My readings of aged instruction manuals have, today, brought me to an old friend: the 1999 PSX game Grandia. In terms of time, I've devoted far more of my life, chronologically, to plumbing the depths of Elder Scrolls' Oblivion. In terms of pure frustration, I've poured more of heart into Final Fantasy Tactics. And in terms of completion, I've put more effort into Wild Arms 3. But Grandia still had an effect on me. Exactly how much of one can be measured by the fact that when I hear the name "Justin," I don't think Trudeau or Timberlake, or Beiber. I think of this plucky fellow:
Lately, I've been rewatching Avatar: The Last Airbender, and completely failing to convince my roommates of its virtues. To plan a more concerted attack, I decided to mentally construct a list of what I'm looking for a TV series. We'll go over that list, some day, but for now, I want to focus on two items that in particular made Grandia a memorable game for me: engaging characters, and, as a subset of that point, characters who grow and evolve.
In terms of mechanics, both leveling and battle, Grandia has enough to keep things interesting. Battle has real time gauges, with the added bonus that certain moves delay or even cancel the moves of enemy characters. And the experience spell/skill system is fairly extensive: each character has a number of spell types and weapon types they can use, and new skills only develop if certain levels of expertise in those spell levels are reached. (ie. Frost magic requires a base level of water magic and wind magic) So the battle system provides just enough carrot to keep things going for a long time--though not so long that you aren't eventually very grateful for the autobattle option.
In terms of overarching plot, the game is so cliched that it practically starts on a dark and stormy night. In general, the fantasy stock story of the Ordinary Boy Fated to Save World gets trotted out a lot in RPGs. That's because it's relatively easy to translate the "ordinary boy gets stronger and stronger and confronts ultimate evil" of, say, Star Wars or Harry Potter into level-up experience points based system of the RPG. But an easy translation means a very familiar story at the core, and Grandia is no exception. The plot here is that the neighborhood military empire is searching ancient civilization ruins for a relic of unimaginable power. But the one who finds the first hint of said relic is a young man who is guided to the path via an heirloom entrusted by his father before he disappeared. So far, so par for course.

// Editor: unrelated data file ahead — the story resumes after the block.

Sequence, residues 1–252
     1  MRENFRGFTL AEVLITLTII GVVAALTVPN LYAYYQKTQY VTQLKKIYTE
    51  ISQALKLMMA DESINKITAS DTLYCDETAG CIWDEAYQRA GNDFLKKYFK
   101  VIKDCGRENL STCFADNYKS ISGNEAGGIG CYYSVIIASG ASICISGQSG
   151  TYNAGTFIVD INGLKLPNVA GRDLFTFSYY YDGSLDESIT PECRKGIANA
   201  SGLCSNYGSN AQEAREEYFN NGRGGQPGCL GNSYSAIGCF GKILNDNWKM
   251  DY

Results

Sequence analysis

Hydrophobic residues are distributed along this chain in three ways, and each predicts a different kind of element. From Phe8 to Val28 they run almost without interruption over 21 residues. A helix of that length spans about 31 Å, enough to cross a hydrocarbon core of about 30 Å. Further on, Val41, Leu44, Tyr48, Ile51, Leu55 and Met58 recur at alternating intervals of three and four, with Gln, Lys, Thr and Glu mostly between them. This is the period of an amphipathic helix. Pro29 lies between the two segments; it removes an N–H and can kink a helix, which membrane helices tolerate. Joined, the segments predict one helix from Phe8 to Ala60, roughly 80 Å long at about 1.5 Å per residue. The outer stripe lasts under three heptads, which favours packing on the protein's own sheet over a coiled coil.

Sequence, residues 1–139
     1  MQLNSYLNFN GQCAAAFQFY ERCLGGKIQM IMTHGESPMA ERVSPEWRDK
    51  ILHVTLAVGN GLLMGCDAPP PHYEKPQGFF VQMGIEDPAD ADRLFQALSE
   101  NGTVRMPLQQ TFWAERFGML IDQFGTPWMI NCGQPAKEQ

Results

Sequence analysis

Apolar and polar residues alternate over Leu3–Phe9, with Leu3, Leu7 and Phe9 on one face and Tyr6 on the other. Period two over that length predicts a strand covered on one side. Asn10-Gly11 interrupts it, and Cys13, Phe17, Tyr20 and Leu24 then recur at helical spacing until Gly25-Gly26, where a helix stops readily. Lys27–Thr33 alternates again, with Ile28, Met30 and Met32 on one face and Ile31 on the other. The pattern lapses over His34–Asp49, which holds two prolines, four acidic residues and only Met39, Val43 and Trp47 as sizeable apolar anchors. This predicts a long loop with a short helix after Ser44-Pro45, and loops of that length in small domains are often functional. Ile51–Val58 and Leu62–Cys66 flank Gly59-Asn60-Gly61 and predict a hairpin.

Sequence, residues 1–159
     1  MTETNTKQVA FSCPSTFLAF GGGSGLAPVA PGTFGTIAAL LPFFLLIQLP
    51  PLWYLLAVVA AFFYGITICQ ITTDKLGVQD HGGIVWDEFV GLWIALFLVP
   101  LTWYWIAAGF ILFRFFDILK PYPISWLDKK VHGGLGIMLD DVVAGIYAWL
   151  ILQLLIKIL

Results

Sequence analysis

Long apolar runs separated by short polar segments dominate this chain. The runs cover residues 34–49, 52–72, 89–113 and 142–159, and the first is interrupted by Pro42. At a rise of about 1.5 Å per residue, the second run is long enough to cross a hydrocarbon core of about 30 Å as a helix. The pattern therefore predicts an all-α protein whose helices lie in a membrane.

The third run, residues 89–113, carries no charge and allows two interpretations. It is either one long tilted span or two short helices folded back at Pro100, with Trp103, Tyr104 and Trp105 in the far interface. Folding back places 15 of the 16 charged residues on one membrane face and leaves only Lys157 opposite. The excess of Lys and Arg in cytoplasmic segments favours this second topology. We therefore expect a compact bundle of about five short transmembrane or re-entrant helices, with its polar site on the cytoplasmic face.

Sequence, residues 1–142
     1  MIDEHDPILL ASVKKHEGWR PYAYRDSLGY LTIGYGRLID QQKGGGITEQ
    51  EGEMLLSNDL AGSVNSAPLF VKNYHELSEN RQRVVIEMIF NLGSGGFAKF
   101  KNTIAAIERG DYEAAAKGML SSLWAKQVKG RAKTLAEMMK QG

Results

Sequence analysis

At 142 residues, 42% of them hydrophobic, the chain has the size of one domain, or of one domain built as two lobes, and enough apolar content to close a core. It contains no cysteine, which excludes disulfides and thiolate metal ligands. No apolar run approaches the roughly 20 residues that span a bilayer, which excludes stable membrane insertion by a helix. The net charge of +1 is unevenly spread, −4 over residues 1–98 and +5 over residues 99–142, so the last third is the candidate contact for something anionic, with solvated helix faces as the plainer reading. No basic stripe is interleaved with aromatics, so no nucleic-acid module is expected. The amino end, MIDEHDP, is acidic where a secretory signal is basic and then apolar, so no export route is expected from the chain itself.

But where the game shines for me is the way the characters, and Justin in particular, change over the course of the game, based especially on three of the core: Justin; his younger, kid friend, Sue; and Feena, the treasure hunter who's reluctantly agreed to follow Justin, since he's the one chosen by the ancients. (I'm recounting the plot without actually looking it up, so imagine details to be colored by nostalgia.) Justin, in particular, grows probably more than any character I've seen in fiction outside of Taran from Lloyd Alexander's Prydain series. He starts the game as ridiculously immature: the first quest of the game is to prove his treasure hunter skills by going on a scavenger hunt for some dust-bin items gathered by the other kids in the area. (In retrospect, this was, on the game's part, a disguised tutorial on searching for items and navigating the 3-D map. Given that it was the first real 3-D RPG I've played, the tutorial was necessary. I got lost a lot in that first town.) But over the long, long course of the game, he goes from a naive kid to a thoughtful, battle-scarred hero. It's a dirt common fantasy lit theme--again, see Stars Wars to Harry Potter--but it's actually very rare to see it done in a videogame, which tend to show increases in power, but very little corresponding changes in character. It's the problem with the blank-slate character: you may inscribe it with your own personality, but generally *you* don't change as a person over the course of a game, so there's no reason for the protagonist to do so as well.